Hot Spots of Inorganic Nitrogen Availability in an Alpine-Subalpine Ecosystem, Colorado Front Range
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Inorganic nitrogen (N) availability hot spots have been documented in many ecosystems, but major uncertainties remain about their prevalence, timing, and causes. Using a novel mathematical definition of hot spots, spatially explicit measurements of KCl-extractable inorganic N, 2-week soil incubations in the field, ion-exchange resins deployed for 1 year, and a set of associated biotic and abiotic variables, we investigated inorganic N availability hot spots within a 0.89 km2 alpine-subalpine ecosystem in the Colorado Front Range. Measurements of KCl-extractable NH4 + and NO3 − taken on multiple dates showed that hot spots of N availability were present in some but not all parts of the study site and that hot spot location varied over the course of the season. Ion-exchange resins showed that over a 1-year period hot spots were important contributors to resin-available N at the landscape level, with 14% of resin locations accounting for 58% of total resin-extractable inorganic N. The KCl-extractable and resin-available inorganic N measurements showed that although spatial variation in the timing of hot spots (that is, hot moments) spreads the influence of short-term hot spots across the landscape to some extent, spatial variation in inorganic N availability is still important when integrated over 1 year. Resin-available N was poorly correlated with the biotic and abiotic variables that we measured, though we did observe that hot spots of resin-available N were twice as common below tree and shrub canopies than in herbaceous areas. Beyond this relationship with canopy structure, neither KCl-extractable nor resin-available inorganic N hot spots were closely related to plant species identity. Instead, the most effective predictor of KCl-extractable NH4 + was the size of the soil organic matter (SOM) N pool, with nearly all hot spots appearing in soils that had greater than 1.4% SOM N.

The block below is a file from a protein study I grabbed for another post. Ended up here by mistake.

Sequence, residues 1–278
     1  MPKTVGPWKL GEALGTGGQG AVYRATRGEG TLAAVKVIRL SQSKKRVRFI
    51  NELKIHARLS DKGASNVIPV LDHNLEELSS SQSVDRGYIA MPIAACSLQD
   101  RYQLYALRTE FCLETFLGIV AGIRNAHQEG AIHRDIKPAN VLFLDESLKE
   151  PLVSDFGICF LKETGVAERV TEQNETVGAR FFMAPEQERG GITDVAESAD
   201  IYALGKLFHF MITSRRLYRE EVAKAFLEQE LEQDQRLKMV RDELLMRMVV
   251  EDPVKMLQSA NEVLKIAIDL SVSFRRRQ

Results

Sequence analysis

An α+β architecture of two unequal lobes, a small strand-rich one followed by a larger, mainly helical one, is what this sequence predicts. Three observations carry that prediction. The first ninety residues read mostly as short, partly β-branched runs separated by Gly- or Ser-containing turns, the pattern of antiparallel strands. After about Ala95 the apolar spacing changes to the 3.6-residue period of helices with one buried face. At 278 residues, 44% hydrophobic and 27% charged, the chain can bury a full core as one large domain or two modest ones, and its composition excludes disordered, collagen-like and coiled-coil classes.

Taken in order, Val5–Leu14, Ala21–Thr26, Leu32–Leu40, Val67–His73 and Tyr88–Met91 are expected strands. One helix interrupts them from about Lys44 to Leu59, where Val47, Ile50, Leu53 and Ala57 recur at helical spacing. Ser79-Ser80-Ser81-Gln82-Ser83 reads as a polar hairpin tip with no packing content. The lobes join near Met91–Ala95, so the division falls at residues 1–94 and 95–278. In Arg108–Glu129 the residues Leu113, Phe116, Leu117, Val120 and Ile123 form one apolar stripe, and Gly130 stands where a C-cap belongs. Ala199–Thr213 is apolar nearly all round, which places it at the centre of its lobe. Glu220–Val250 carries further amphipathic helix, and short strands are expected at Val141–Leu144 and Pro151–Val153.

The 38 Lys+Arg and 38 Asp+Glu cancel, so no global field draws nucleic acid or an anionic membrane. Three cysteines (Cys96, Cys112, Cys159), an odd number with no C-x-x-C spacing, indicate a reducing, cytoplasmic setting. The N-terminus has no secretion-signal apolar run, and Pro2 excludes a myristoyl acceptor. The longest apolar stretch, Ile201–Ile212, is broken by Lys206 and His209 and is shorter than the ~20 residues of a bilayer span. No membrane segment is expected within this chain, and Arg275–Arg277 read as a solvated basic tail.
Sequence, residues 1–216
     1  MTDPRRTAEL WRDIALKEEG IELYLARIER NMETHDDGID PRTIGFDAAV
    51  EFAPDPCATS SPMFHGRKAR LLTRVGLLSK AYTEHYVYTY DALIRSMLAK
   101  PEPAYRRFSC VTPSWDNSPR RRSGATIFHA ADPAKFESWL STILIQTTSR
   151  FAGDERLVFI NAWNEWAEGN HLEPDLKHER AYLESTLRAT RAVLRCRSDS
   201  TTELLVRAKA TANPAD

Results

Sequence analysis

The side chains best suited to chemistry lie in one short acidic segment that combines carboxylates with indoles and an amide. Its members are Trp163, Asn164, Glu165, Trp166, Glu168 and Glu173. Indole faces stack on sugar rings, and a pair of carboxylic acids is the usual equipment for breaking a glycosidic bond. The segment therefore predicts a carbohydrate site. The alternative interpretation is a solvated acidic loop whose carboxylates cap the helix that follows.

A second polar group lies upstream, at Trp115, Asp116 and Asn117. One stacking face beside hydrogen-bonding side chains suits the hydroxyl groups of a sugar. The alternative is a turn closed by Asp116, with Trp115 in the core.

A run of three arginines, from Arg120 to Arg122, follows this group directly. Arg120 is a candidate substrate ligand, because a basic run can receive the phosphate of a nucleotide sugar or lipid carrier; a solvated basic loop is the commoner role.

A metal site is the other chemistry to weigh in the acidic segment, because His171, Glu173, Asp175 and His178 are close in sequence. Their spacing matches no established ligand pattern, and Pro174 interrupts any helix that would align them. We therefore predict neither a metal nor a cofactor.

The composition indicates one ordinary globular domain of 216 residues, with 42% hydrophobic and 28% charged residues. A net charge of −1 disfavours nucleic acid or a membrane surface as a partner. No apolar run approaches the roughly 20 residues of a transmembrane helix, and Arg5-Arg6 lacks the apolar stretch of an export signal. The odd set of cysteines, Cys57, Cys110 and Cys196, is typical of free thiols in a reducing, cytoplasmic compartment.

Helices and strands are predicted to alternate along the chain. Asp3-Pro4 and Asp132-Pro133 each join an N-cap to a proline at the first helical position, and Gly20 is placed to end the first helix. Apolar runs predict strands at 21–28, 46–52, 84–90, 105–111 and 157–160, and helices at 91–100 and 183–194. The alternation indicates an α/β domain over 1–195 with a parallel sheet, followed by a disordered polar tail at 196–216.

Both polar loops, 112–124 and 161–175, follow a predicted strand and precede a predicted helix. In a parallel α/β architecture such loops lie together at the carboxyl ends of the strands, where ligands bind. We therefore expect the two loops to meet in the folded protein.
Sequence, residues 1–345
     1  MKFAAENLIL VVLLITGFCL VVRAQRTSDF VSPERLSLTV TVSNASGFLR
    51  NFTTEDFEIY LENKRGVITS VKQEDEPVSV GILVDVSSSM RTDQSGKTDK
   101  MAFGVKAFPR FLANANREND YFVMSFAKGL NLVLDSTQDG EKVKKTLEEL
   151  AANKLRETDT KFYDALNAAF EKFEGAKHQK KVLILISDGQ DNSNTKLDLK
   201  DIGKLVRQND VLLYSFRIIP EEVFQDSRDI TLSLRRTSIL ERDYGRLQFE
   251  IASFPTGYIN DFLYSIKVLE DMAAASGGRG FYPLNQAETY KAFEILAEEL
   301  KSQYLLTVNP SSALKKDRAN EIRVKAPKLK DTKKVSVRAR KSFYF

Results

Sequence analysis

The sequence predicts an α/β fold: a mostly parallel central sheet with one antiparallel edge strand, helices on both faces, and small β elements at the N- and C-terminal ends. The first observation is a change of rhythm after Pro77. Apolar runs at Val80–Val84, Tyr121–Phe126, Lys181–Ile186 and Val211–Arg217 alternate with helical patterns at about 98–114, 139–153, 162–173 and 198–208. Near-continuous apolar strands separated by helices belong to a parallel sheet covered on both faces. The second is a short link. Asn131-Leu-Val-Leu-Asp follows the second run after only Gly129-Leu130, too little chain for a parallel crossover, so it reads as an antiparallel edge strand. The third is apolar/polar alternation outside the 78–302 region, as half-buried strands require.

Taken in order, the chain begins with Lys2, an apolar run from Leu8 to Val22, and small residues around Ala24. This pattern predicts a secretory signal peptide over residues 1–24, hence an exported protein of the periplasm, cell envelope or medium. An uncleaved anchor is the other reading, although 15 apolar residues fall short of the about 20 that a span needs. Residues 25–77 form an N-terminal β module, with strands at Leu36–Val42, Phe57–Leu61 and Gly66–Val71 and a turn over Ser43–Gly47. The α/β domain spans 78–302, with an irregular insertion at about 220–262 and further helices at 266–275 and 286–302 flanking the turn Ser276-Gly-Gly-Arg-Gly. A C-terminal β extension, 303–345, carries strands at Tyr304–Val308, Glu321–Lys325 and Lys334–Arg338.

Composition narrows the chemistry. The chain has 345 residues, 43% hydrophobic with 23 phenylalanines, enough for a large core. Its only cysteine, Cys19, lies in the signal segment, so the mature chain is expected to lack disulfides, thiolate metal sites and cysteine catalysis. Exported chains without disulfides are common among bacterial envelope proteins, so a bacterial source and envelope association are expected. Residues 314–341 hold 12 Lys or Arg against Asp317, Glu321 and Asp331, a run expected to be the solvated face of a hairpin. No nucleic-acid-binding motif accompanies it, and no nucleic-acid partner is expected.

Key wordsnutrient availability Lorenz curve spatially explicit inequality Niwot Ridge LTER random forest model disproportion
For funding, we thank NSF DGE 0202758, NSF DEB 0423662, NSF DEB 0808275, the John W. Marr Ecology Fund, and the Department of Ecology and Evolutionary Biology. For helpful suggestions on this manuscript, we thank Alan Townsend, Carol Wessman, Tim Seastedt, and Mark Williams, Michael Weintraub, and Zachary Rinkes. For their help in the field, lab, and/or planning stages of this project, we thank Courtney Meier, John Murgel, Carly Baroch, Brendan Whyte, Anna Lieb, Jaclyn Darrouzet-Nardi, Jeanette Darrouzet-Nardi, Chris Darrouzet-Nardi, Kathy Buehmann, Lisa Gerstenberger, David Knochel, Russ Monson, Stuart Grandy, Courtney Meier, Andy Thomspon, Todd Ackerman, and the numerous volunteers on the July 9th and 30th 2008 field days as well as during the snow sampling effort. We thank Chris Seibold and the Kiowa Lab assistants for help with nutrient analyses. Logistical support was provided the University of Colorado’s Mountain Research Station. Finally, we thank the reviewers, whose careful consideration and suggestions greatly improved this manuscript.
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